It’s a discomforting thought but commercial aircraft are each struck by lightning at least once per year, according to estimates by aviation experts. Luckily, they rarely compromise flights. As passengers, we may not always notice the event, with our heads buried in airline pillows or eyes glued to a seatmate’s screen but it’s safe to say some inflight chaos would ensue if we were aware.
“[Lightning strikes] are more frequent than we would like,” Carmen Guerra-Garcia, an assistant professor of aeronautics at the Massachusetts Institute of Technology (MIT), told Digital Trends. “Aircraft manufacturers take great care to make the aircraft safe under such an event but embedding all the necessary protection is costly. Also, if struck, the repairs are costly… and, from the airline perspective, more costs are associated with having the aircraft out of service for inspections and repair.”
With their electrically conductive surfaces, planes serve as something like lightning rods in flight. Their amplified electrical fields make aircraft themselves responsible for about 90 percent of these strikes. Planes are usually rerouted to avoid storms and potential lightning, but a new idea investigated by Guerra-Garcia and her colleagues would actually see planes intentionally increase their electrical charge and fly right through the threatening storms.
Although it sounds counterintuitive — or even a bit insane — the researchers demonstrate in a report recently published in the American Institute of Aeronautics and Astronautics Journal that there is a sweet spot for an airplane’s electrical charge that that could let it avoid strikes, even in the midst of a storm.
Guerra-Garcia explained, “The idea is to have electric field sensors on the aircraft that continuously monitor the electrical environment the vehicle is subjected to. From these measurements, onboard algorithms would determine the risk of a strike and the net charge level of the aircraft required to improve the situation. The onboard controller would then command the actuators (ion emitters that can charge the aircraft) to drive the aircraft to the optimum net charge level, that which keeps equal safety margins for the positive and negative ‘leader.’”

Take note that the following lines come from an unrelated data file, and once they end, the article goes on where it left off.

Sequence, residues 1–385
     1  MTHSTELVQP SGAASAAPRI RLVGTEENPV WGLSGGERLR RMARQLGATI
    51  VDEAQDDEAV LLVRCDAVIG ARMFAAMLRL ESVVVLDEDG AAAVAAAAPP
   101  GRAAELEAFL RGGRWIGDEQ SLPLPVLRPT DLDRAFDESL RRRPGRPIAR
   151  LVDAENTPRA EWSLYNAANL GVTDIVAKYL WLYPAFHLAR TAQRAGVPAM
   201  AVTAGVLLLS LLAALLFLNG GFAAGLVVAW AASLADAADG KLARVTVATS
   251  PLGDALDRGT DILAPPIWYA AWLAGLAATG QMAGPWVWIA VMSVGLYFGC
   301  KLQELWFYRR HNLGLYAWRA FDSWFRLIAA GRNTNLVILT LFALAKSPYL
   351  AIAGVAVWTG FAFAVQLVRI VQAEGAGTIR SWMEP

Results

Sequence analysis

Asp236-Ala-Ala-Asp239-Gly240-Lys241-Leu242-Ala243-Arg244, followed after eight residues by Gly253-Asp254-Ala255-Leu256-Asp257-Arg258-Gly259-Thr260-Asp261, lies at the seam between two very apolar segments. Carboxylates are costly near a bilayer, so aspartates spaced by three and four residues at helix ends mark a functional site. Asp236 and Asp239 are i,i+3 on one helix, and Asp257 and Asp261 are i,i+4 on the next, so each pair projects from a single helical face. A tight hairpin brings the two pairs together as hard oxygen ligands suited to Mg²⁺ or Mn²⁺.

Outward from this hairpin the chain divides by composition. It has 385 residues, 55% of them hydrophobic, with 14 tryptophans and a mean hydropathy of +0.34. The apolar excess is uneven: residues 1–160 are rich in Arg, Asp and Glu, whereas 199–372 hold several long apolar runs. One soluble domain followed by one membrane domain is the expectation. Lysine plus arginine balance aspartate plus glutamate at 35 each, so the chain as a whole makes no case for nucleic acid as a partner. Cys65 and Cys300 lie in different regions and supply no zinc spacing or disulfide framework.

Leaders refer to electrical causeways that branch out from a plane’s highly conductive exterior. When these causeways reach an oppositely charged region, they form a circuit, and can result in a tremendous bolt of energy hitting the plane. Through mathematical models, Guerra-Garcia and her team showed that changing a plane’s electrical potential, by charging it negatively, significantly reduced the risk of a strike.
Having presented a theoretical study, Guerra-Garcia said the next step is laboratory validation. However, she warned that this method is still some ways away from real-world applications, as it would entail advances in modeling capability that are currently not possible with onboard predictive algorithms.
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